Of note: I used a paint color called "Ford Blue" - which I assumed was the original color. After seeing it, I believe it should have been "Ford Equipment Blue" which is much darker. Oh well, the difference was not worth another trip to the store, so Ford Blue it is. ;) 

With everything cleaned and prepped, I started the rebuild. The very first step involves replacing that end bushing I mentioned earlier. The new bushing (bearing?) is made of bronze rather than plastic (as is stock) and is meant to be press-fit into the end of the rack. 

It didn't press-fit.  It dropped right in, bottomed out, and fell right back out. I emailed Lotus Marques, which started a back and forth where we verified all dimensions.  The kit was built to spec, but my rack was not.

My options were to make careful measurements of my rack, send them to Steve, have him make a new bushing, then wait for it to ship back; or I could have the part made locally.

As luck would have it, I work at a company that has a fabrication shop and I have lunch with the lead fabricator almost every day (well... before COVID). As a favor, he stayed late one night to make the new bushing for me - I just had to supply materials. We measured my rack tube and took the inside diameter measurement from Lotus Marques and made a custom bushing for my car:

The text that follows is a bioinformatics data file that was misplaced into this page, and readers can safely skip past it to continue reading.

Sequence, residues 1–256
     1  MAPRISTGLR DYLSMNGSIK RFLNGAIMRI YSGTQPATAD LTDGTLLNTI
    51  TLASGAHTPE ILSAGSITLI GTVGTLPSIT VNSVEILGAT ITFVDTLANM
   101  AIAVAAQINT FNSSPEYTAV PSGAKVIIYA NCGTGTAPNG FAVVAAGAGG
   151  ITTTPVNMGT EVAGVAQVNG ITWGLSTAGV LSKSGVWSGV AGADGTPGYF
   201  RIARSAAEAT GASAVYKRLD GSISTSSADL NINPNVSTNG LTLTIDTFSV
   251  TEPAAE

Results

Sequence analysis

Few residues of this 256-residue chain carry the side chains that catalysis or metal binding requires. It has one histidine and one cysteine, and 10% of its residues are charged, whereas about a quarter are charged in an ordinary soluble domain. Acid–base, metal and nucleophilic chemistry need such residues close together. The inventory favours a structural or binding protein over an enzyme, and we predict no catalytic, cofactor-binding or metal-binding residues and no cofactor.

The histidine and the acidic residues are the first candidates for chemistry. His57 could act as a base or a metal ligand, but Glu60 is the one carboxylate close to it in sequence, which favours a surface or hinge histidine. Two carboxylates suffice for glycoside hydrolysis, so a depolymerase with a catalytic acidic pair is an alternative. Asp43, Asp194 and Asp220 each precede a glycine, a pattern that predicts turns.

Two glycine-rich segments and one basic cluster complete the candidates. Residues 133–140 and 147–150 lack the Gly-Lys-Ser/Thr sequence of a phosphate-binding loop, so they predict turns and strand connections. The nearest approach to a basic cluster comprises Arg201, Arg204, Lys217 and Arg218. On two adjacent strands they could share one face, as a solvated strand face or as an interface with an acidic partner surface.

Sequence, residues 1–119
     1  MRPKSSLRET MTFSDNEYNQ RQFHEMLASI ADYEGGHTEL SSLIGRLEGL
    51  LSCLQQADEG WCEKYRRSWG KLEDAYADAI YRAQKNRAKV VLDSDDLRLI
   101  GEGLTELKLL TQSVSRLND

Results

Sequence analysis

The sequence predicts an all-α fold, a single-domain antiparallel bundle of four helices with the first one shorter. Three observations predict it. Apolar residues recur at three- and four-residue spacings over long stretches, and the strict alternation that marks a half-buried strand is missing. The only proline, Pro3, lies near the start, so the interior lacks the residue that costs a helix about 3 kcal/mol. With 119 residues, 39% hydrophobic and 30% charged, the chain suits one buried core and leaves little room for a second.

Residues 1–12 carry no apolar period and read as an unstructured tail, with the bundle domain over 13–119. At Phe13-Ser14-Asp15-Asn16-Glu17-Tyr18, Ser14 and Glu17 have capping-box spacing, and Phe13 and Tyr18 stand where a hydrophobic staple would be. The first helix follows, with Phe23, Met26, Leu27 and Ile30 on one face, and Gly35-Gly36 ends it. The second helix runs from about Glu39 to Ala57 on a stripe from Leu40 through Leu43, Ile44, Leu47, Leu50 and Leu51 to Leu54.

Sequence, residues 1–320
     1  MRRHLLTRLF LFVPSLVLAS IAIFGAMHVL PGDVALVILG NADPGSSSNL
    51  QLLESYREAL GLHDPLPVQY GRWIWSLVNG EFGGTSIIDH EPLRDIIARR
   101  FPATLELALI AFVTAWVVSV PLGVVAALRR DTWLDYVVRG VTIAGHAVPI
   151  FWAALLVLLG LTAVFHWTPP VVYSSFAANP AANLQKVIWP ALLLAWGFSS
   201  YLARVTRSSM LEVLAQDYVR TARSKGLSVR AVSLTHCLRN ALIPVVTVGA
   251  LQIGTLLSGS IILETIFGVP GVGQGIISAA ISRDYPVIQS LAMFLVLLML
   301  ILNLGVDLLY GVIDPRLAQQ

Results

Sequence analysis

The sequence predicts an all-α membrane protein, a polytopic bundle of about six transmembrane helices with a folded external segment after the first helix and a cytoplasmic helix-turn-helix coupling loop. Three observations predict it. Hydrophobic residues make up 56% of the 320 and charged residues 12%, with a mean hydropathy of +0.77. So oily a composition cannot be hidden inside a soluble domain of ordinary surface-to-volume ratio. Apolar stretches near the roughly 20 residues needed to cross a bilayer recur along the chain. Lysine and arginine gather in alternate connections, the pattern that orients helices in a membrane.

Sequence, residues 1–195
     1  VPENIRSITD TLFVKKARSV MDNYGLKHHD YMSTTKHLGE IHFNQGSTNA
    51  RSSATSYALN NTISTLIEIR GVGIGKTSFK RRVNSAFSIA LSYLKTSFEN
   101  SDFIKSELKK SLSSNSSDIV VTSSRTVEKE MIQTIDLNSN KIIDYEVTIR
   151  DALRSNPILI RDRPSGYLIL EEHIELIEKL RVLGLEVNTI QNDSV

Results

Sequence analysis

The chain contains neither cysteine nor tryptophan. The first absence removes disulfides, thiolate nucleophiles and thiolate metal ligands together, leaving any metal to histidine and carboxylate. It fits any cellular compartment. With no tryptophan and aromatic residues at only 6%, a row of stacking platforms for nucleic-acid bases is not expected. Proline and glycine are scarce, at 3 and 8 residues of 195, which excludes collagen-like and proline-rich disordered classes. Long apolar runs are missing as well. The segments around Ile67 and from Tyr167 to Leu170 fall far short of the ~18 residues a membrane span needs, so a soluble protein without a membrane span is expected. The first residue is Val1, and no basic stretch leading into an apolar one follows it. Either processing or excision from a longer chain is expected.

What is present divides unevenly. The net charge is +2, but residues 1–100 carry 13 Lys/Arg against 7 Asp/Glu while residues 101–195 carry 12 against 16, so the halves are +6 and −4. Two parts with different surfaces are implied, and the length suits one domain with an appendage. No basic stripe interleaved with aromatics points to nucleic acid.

50118172092_5d60d46157.jpg

6" of 932 bearing bronze is about $30, shipped. That brings the total up to $310, and I've now had to come in to work to have the bearing made (I've been lucky enough to be able to work from home since March), so now I've done almost an hour on the road. Not the best bargain anymore, but it's been interesting. We're not done yet, however...

Getting home with the new bushing, I tested that it fit perfectly into the rack tube.... but the rack, itself, would not fit in the bushing. I had assumed that my rack tube was the only thing out of spec, but it appears the actual rack is as well. There was no way to correct this problem other than to make a new bushing. One more trip to work and one more late evening for my workmate, and I had a lovely bronze rack bushing/bearing:

50117381508_28193000bc.jpg

 

6" of 932 bearing bronze is about $30, shipped. That brings the total up to $310, and I've now had to come in to work - twice - to have the bearing made, so now I've done 1.5 hours on the road. Not the best bargain anymore, but it's been interesting. We're not done yet, however...

The next step for reassembly is to adjust preload on the pinion shaft (that eventually connects to the steering wheel). Preload is set by tightening an end plate down on a cylindrical spacer that contacts the bearing's outer race. If there's too much preload, the bearing won't turn; too little, and it will be sloppy. The amount of preload is determined by shims that sit between the end plate and rack housing - more shims means less pressure on the bearing spacer, and therefore less preload.